The mayor told people on the radio this morning that on Saturday FEMA workers were going to help people in Toa Baja. But he can’t tell where that help will be. Maybe tomorrow — you have to keep listening to the radio to know where. But by the way, we don’t have gas! So it’s like, Okay, come somewhere. How, if I don’t have gas? We can’t go to the gas station every day to see if it’s open. The government says, We’re going to help. This is the way. How can I get there? I can’t get there! I think that the government — Governor Ricardo Rossello — is trying to tell people everything’s okay, but he doesn’t have any clue of how he’s going to respond to everyone.
Radio is working. It was the one signal that was working the next day after the hurricane. Now we have more stations. It’s delivering the messages from the governor. So we can see his perspective — but maybe not the best one. The first thing that we really knew of what happened was through my sister who lives in Jersey. She saw on the internet. We relied on her to tell us.
I think maybe on Monday or Tuesday we received the first cell signal. It’s uncertain. We have it now. We won’t have it in eight hours maybe. I have to charge it with my car. I communicate with my family, then I turn it off so I can save the charge.
We have running water most days. One day yes, the other no. Still, it’s a miracle. A lot of people we know don’t have it, so they come to our house to fill up cans. But there’s another really big problem: the garbage. They haven’t taken it away. Everything is stinky, flies are all over there. Some stores just put out their meat in the trash can and you can see the blood coming out of them. You can see the dead animals. It’s horrible. The mayor from Toa Baja says they’re working with the trash since Monday. But Monday is the day they come to my house to pick up my trash. Today’s Thursday. In other words, they’re going to be late. We’re scared because that’s a health problem that’s coming to us.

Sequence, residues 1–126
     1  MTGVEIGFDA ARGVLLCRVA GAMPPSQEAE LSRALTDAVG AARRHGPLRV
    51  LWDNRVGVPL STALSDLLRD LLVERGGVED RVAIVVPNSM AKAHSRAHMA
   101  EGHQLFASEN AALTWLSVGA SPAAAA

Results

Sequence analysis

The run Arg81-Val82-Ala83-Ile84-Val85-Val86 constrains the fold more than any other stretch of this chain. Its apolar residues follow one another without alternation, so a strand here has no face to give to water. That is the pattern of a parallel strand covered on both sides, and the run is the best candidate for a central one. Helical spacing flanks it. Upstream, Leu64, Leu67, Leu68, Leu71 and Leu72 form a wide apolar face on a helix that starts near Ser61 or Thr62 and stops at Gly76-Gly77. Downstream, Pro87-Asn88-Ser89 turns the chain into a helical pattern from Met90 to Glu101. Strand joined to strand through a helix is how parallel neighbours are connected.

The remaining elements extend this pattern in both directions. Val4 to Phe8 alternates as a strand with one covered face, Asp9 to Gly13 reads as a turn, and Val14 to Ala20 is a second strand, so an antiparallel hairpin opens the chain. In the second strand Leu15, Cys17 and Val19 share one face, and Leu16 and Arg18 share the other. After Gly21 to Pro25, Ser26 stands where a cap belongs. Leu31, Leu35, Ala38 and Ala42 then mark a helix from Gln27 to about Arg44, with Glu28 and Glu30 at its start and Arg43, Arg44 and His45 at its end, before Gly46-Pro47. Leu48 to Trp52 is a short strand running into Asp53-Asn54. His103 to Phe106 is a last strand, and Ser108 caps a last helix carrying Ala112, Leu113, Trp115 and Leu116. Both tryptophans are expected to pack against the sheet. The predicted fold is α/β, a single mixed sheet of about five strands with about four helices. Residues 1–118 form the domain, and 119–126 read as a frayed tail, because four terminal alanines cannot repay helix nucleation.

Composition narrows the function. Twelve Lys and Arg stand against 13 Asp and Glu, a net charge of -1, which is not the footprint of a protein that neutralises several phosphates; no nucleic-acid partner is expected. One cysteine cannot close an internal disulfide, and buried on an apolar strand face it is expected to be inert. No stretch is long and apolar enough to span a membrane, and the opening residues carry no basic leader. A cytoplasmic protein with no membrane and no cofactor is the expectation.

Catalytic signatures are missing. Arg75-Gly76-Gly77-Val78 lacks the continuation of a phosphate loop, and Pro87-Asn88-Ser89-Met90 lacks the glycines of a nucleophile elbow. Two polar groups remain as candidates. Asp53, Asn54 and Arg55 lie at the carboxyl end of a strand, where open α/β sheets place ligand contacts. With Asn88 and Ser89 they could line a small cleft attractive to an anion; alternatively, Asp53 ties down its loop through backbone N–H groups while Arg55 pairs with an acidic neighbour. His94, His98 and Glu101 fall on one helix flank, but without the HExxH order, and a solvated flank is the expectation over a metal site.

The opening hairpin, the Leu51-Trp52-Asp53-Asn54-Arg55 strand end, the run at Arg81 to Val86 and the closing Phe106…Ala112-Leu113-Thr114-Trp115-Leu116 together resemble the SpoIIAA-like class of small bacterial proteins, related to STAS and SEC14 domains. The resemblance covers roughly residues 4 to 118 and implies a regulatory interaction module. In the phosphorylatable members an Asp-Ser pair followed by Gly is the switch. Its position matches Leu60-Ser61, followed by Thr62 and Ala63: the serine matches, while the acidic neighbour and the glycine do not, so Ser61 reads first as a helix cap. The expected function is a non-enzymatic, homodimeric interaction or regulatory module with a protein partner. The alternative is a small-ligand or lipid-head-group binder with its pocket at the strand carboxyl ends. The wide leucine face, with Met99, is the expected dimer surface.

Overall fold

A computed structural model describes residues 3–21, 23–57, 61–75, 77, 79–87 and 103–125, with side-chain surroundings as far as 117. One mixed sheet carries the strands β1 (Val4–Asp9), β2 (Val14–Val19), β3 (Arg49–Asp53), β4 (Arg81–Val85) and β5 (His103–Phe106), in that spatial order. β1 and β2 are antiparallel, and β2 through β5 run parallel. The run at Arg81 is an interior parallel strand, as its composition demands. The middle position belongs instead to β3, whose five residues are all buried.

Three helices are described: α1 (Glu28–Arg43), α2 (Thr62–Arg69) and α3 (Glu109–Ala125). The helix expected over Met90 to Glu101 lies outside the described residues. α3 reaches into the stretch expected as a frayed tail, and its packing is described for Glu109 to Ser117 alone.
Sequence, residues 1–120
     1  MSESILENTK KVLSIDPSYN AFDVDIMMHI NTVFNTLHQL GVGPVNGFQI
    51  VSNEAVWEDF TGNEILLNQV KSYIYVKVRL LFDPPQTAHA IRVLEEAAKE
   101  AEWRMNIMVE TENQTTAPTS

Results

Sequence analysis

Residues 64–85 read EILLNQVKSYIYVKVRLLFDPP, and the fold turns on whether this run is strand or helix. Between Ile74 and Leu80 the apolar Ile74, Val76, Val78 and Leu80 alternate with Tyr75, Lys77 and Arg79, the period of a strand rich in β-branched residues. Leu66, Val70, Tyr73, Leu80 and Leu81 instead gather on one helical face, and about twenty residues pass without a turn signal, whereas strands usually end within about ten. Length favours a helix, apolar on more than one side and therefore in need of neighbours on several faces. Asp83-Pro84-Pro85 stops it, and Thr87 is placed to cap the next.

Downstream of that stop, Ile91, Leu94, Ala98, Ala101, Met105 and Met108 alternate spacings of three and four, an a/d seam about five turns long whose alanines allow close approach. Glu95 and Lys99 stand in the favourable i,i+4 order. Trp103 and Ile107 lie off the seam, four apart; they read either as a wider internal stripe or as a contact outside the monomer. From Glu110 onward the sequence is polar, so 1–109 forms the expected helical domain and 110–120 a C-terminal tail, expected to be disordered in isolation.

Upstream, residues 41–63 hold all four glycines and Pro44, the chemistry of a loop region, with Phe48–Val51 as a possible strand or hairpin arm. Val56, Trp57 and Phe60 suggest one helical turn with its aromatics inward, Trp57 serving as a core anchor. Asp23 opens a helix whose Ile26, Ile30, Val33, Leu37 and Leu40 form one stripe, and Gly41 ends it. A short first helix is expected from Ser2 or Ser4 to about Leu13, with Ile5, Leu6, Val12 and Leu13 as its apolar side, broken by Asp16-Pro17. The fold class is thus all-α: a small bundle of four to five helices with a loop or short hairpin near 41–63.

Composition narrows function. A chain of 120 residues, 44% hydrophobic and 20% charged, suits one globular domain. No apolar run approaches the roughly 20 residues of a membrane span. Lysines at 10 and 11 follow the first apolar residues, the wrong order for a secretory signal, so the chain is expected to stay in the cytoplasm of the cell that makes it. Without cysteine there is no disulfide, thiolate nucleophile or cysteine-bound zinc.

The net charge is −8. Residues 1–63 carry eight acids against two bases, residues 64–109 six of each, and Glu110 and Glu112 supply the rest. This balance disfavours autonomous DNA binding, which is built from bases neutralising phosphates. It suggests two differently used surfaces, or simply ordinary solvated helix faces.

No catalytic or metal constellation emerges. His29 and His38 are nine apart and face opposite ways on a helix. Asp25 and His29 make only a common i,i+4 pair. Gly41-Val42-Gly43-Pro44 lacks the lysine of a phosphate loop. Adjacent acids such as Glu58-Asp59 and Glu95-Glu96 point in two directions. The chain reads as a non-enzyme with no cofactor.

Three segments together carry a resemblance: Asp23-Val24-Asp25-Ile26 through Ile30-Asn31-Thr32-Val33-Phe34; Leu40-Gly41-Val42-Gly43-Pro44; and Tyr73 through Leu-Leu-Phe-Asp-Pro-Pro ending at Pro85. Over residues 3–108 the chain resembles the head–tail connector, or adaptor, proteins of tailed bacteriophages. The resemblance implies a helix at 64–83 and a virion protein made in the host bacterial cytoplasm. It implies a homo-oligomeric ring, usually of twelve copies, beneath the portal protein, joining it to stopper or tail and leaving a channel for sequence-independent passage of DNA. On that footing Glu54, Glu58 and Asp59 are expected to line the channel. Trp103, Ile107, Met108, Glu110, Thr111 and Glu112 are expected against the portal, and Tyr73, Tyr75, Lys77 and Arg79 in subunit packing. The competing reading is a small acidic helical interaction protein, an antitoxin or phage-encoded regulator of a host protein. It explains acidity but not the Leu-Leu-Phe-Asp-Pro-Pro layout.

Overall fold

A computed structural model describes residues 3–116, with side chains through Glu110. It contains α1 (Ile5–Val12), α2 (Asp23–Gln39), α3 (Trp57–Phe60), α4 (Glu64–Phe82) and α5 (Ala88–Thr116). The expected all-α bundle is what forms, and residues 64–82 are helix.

I don’t care that much about the electricity coming because we know it’s very hard. But we are concerned about the food supplies. We can’t find supplies. The government wants to get to normality in the workplace, but if we don’t have gas, if we don’t have food, how can we get to normal? Maybe I can deal with it because it’s not that hard for us because we’re in the city, but I think that people in towns that are in the middle of the island are worse off than us.
I’m a kindergarten schoolteacher. Our school is okay, but about 65 refugees who lost everything are living there. Their houses just — they disappeared. I think that we’re going to lose the semester. I don’t know — I can’t see us working in more than a month. I can’t believe there are going to be any normal days soon. We are far from normal.
We are helping each other. The first days were easier to help because we have things. Now, we don’t have too much to share. I think it’s natural for humans to help each other in a catastrophe. It’s romantic to say, Oh, people help each other in Puerto Rico. But I’m sorry, I’m not that romantic. We need help. We need people to work. We need electricity again. We can help each other in the community, okay. But we need the government to work.
Anything that happens in the United States mainland — there’s a fast response. We are second-class citizens. We are, we really are. I can’t tell you anything else, that’s it. That’s the truth. We are a colony, we are not treated equal. We have to beg — to beg the United States to help us when we are part of them. You are a part of us, you have to help us. We are a part of you.
We are abandoned here, waiting here. It’s a problem of the [Puerto Rican] government because it tries to do things, but then they say, Oh, but we have to wait for the government of the United States. We can’t do it alone. We can’t do it alone. But it’s — it’s like weird. Puerto Rico wants to do it by ourselves, but we know we can’t. The government of the United States has to move faster. They have to be here faster, not about a week later. Because we are American citizens. We are not second-class. But we feel it.
This has been edited and condensed for clarity.